Massive investment will reduce power outages, boost capacity: Hydro-Québec

Despite the projected $185-billion budget, Hydro insists electricity rates will remain “affordable.”

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Hydro-Québec plans to massively ramp up investment over the next 12 years to boost production capacity, improve energy efficiency and significantly reduce power outages as individual and industrial demand in the province skyrockets.

Canada’s biggest electricity producer will need to spend $155 billion to $185 billion by 2035 to carry out its action plan, new chief executive officer Michael Sabia said Thursday. At around $16 billion, the annual investment budget represents up to four times the current average, Hydro-Québec said.

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Hydro-Québec now projects electricity demand in Quebec will double by 2050, which means that up to 200 terawatt-hours of extra capacity will be required by that point to satisfy customer appetite. To get there, Hydro-Québec estimates it will need to expand annual generating capacity by 8,000 and 9,000 megawatts in the next 12 years.

Despite the additional expense, Hydro-Québec insists electricity rates will remain “affordable.” Residential rates will be limited to inflation, up to a ceiling of three per cent, the utility said, while commercial and industrial rates will “remain competitive.”

The projected $185-billion budget allocated to new investments includes up to $110 billion to meet demand growth, up to $50 billion to ensure service reliability and quality, and up to $25 billion in additional operating expenses. Hydro-Québec will need to hire an average of 35,000 people each year to help it carry out the plan.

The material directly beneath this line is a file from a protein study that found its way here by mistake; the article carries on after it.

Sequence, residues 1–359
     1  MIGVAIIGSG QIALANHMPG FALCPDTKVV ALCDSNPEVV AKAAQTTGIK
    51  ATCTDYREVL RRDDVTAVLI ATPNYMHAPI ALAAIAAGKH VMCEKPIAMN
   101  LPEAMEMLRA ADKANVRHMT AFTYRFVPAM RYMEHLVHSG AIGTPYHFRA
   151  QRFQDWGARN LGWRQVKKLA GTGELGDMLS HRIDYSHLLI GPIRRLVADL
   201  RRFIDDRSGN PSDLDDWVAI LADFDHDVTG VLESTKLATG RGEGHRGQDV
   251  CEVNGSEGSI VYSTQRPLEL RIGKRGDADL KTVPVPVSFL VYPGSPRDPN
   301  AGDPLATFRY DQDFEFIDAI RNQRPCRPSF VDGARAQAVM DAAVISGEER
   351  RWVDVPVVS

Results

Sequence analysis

Service reliability will be a key area of focus. As one of the worst years for blackouts since 2008 draws to a close, Hydro-Québec said it plans cut power outages by 35 per cent over the next seven to 10 years. The projected annual spend of $4 billion to $5 billion is double the investment made in network sustainability in the last three years.

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About 5,000 kilometres of transmission lines will be built by 2035.

Up to 4,200 megawatts of new hydropower capacity will be added by 2035 by increasing the capacity of existing generating stations and building new dams, Hydro-Québec said, without providing specifics. The company also plans to triple wind-power generation by integrating more than 10,000 megawatts of wind capacity into the grid.

Hydro-Québec will also explore the potential of other energy options, “taking all tested and emerging solutions into consideration.”

Increased energy savings for customers are expected to free up 3,500 megawatts of additional capacity by 2035, Hydro-Québec also said.

Three-quarters of new electricity generation will be dedicated to decarbonizing the environment, according to the company. By 2034, 40 per cent of the additional electricity will be used to electrify transportation and to decarbonize the heating of buildings.

Sabia, a former CEO of the Caisse de dépôt et placement du Québec and BCE Inc. who most recently served as federal deputy minister of finance in Ottawa, officially took over in August. He succeeded Sophie Brochu, who left the state-owned company April 11 after less than three years at the helm.

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